Dick Pound, that's going to be my porn name,....yup, Dick Pound. What more can be said?? It seems like cycling should just legalize all this crap so everyone can use it. That way they can save all this time, money, and energy trying to determine if someone has cheated. I mean they have a special governing body set up to test all of the athletes and they still can't seem to get it right. If doing your job is really that hard, then it probably shouldn't be your job.

posted by yay-yo at 05:10 PM on November 16

yay-yo: It seems like cycling should just legalize all this crap so everyone can use it. And then your son comes up to you one day and says "gee dad, I'd really like to win the Tour de France when I get older." Would you let your son become a pro cyclist (or any other sport that tolerates doping) if you knew he'd need to ruin his body just to make it onto the lowest rung? Of course you wouldn't. No parent would. And in 10 years time, pro cycling is dead.

posted by afx237vi at 05:21 PM on November 16

You think I'm joking, don't you? Heh. Unfortunately I know you're not. Also, rumor has it they're signing Tyler "I'm innocent I tell ya" Hamilton. Innocent is the new guilty!

posted by JohnSFO at 05:46 PM on November 16

Of course you wouldn't. No parent would. And in 10 years time, pro cycling is dead. I can agree with that. I just don't understand why they have so much trouble accomplishing such a simple goal. The NFL has a pretty good policy in effect. Is it that they just can't stay ahead of the game? I'm afraid cycling is killing itself with its ineptness in this crucial area.

posted by yay-yo at 06:39 PM on November 16

But half of the focus on the issue seems to be Pound spouting off his mouth, showing his bias, proclaiming himself god of the anti-dopers, and repeatedly asking for more countries to support him Couldn't agree more. Pound is on the way out, though. He won't reoffer for the position.

posted by Amateur at 07:18 PM on November 16

haha what an awkward phrasing of title. either i'm a pervert or there was a better way to say it then dick pounded again over lab's leaky..

posted by RyanThaRappa at 09:27 PM on November 16

And after serious review the WADA has found a much tougher Chairman who won't take that kind of action laying down.

posted by kyrilmitch_76 at 09:53 PM on November 16

I'm afraid cycling is killing itself with its ineptness in this crucial area. I partially agree. I think cycling's biggest problem right now is the fact that it is being run by ex-cyclists. The teams are owned and operated by former riders who competed in the 70's and 80's, when doping was absolutely rife and no-one cared. Just check out this story on Pez. In many ways it's a heartwarming little story, about a long-forgotten British cyclist who made it good in a big race. Pretty much the kind of thing that makes cycling a great sport. Then you get to last part of the story - almost an afterthought - and it's all about paying to make B-samples disappear and team-mates who went to bed at night but didn't wake up in the morning. These are the kind of people who are controlling the sport today. This needs to change if the sport is to remain credible. One beacon of hope, as far as I can see, is that T-Mobile (probably the most well-known team apart from Discovery) seems to be taking a real hard line on doping. T-Mobile, the phone company, is of course a huge company, and they finally seemed to have got pissed off with their brand being tarnished by dopers. They've had a huge clearout of managers and riders, with Olaf Ludwig, Mario Kummer, Jan Ullrich, Andreas Klöden, Oscar Sevilla and loads of others being given the boot. They've also employed Bob Stapleton, an American businessman, NOT an ex-pro to run the team. I've always been a T-Mobile fan, but now even more so. And I hope other teams follow suit. It needs to be done.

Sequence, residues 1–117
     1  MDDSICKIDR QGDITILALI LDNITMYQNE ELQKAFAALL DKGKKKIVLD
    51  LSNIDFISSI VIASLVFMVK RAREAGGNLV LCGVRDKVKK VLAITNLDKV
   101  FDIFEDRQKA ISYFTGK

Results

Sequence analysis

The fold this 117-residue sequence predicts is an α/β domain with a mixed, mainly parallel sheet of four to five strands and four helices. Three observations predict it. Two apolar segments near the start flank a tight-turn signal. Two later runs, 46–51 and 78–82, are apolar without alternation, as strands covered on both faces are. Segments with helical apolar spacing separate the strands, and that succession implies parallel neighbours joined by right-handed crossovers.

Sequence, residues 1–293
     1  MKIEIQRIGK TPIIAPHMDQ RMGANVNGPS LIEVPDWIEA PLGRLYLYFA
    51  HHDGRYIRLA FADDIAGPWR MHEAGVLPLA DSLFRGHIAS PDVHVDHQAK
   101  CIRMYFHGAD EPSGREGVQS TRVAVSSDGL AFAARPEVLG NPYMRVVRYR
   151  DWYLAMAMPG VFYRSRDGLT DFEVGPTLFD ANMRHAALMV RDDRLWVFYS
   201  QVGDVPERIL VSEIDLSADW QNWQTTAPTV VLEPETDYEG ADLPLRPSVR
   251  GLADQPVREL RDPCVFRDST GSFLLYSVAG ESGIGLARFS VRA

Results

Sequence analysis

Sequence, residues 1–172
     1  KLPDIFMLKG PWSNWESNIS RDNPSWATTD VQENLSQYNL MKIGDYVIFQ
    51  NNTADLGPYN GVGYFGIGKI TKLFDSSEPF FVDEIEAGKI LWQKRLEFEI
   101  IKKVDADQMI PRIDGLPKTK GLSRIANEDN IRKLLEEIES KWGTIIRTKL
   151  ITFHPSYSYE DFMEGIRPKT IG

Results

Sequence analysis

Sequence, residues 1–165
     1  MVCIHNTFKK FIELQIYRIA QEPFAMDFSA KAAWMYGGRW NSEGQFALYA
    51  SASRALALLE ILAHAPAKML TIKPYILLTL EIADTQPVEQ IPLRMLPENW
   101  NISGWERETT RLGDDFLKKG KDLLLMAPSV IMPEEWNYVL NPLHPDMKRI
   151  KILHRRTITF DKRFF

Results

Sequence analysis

posted by afx237vi at 08:05 AM on November 17

Given the ineptness of WADA, the labs, and their obvious willingness to leak information to the press before sharing evidence with implicated riders or conducting confirmatory analyses, I can't blame any rider for being hesitant to cooperate. The Tour kicked out a whole host of riders based on inuendos and weak references in Operacion Puerto - now even the Spanish courts are saying there isn't enough evidence to indict anyone. A lot of press slams cycling for being weak on dopers. But when caught, the doper faces a 2 to 4 year ban for a first offense and lifetime ban on second offense. Imagine if the NFL, MLB, and NBA had similar rules. I don't deny there's a clear problem in cycling, but I do think they are trying to work on it. Improving their procedures on how investigations are handled (e.g. not trying those implicated in the press) would go a long way to fixing things. In addition, they need to put some of penalty on teams, not just riders. If a team has multiple riders shown to be doping, the entire team needs to be banned, including the sports directors and doctors of the team.